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Very Cool Stuff Part I


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#1 Kerry Gordon

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Posted 26 October 2017 - 12:17 PM

I just wanted to share this with you all because ... it is very cool stuff in Photoshop.

I recently posted this first photo of the twin pines.  I wasn't quite satisfied.  When I came back to it a few days later I realized what the problem was – I should have shot it at a much wider aperture, say f/5.6 or even f/4 rather than f/16 in order to really have the two pines stand out. As it is, everything is a bit too busy and the pines don't quite get the full billing that was intended.   Well I can’t go back and reshoot but there is an amazing application in Photoshop called Lens Blur.  It involves making what is called a "depth mask", which determines what will be in focus and the extent to which the focus fades.  But once that is done, and in this photo it was pretty easy, it is only a matter of deciding how wide an aperture effect I wanted to have and setting it up.  This application didn’t make this photo great but it certainly improved it and got it more in line with what I’d envisioned.  Very cool stuff.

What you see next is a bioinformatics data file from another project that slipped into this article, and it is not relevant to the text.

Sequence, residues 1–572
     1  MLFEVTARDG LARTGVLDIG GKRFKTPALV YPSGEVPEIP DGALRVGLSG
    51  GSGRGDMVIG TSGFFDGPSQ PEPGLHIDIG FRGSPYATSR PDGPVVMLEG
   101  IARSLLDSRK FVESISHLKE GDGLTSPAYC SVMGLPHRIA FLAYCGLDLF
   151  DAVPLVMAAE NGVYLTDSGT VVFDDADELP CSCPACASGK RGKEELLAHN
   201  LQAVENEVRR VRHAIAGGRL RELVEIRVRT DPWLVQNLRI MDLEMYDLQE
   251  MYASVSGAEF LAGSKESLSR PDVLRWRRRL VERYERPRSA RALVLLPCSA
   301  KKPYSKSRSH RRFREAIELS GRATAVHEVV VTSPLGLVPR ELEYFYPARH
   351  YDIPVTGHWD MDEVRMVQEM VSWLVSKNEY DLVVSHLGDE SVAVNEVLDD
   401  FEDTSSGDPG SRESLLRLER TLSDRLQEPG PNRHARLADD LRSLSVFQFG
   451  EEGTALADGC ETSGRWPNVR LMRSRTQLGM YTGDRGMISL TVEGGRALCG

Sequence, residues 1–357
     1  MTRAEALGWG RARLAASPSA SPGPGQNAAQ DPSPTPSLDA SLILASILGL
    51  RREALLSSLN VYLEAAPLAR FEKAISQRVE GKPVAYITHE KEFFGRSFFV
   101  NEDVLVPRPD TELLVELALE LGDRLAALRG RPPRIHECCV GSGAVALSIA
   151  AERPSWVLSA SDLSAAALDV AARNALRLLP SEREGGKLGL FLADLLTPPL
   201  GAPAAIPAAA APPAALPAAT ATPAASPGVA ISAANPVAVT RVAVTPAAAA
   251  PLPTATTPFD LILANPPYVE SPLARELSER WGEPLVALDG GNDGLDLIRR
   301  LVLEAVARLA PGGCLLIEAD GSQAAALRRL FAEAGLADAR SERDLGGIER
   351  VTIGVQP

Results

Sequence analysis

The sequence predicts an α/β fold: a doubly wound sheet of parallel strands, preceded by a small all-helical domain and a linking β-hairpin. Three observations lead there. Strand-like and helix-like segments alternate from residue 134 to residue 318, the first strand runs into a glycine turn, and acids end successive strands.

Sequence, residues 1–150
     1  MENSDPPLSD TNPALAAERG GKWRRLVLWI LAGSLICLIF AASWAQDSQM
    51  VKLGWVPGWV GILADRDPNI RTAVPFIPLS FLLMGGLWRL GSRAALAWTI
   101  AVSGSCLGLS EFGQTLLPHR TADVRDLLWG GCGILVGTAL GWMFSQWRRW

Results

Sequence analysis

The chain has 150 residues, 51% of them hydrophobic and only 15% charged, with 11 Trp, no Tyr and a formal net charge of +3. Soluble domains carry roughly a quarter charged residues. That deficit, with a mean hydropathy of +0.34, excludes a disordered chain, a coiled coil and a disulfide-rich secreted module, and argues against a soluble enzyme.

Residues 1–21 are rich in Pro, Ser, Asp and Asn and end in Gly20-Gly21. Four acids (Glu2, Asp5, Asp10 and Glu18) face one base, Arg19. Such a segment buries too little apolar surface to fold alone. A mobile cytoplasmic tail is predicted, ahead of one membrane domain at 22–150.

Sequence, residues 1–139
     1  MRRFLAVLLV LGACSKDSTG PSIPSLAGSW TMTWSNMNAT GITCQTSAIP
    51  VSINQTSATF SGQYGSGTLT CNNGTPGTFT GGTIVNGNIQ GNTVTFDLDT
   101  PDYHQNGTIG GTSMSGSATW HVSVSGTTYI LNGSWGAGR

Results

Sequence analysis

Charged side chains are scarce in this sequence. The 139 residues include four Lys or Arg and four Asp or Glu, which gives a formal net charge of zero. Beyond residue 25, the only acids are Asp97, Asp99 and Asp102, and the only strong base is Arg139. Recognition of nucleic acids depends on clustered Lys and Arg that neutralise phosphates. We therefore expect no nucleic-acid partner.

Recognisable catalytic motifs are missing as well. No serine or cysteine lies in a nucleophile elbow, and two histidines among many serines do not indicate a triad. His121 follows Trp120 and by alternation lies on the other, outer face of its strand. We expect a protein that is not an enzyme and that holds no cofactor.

Attached File  Algonquin-Forest.jpg   1003.64KB   0 downloadsAttached File  _DSF1252-Two-Pines-blur-copy.jpg   743.6KB   0 downloads



#2 Roderick

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Posted 26 October 2017 - 01:44 PM

Magic! :)



#3 rdb images

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Posted 26 October 2017 - 02:56 PM

That makes all the difference in the world. The two trees almost get lost in the first photo, but smack one in the face in the second. ON1 Photo RAW has a similar lens blur tool. I have not tried it yet, but as you demonstrated, it can be a game changer. Nice work and thanks for showing this.

 

Bob



#4 MarkM

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Posted 26 October 2017 - 05:01 PM

Wow, the trees really stand out. Almost has a 3D appearance....certainly lives up to "depth mask" name!

#5 John W

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Posted 26 October 2017 - 08:18 PM

I have used the tool on occasion with with wildlife photos to separate the subject from the background. When used very subtlety I have found it useful but to my eye it looks different then the real blur created by dof when cranked up.

#6 Kerry Gordon

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Posted 26 October 2017 - 09:11 PM

I have used the tool on occasion with with wildlife photos to separate the subject from the background. When used very subtlety I have found it useful but to my eye it looks different then the real blur created by dof when cranked up.

There's no question that the optimum would be to have done this in camera.  But its a good technique to have in my back pocket for where a large aperture either isn't possible or where I just plain forget  :blink:


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#7 elcab18

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Posted 27 October 2017 - 05:51 PM

Thats cool stuff...but in this photo I like the depth of the first one :)






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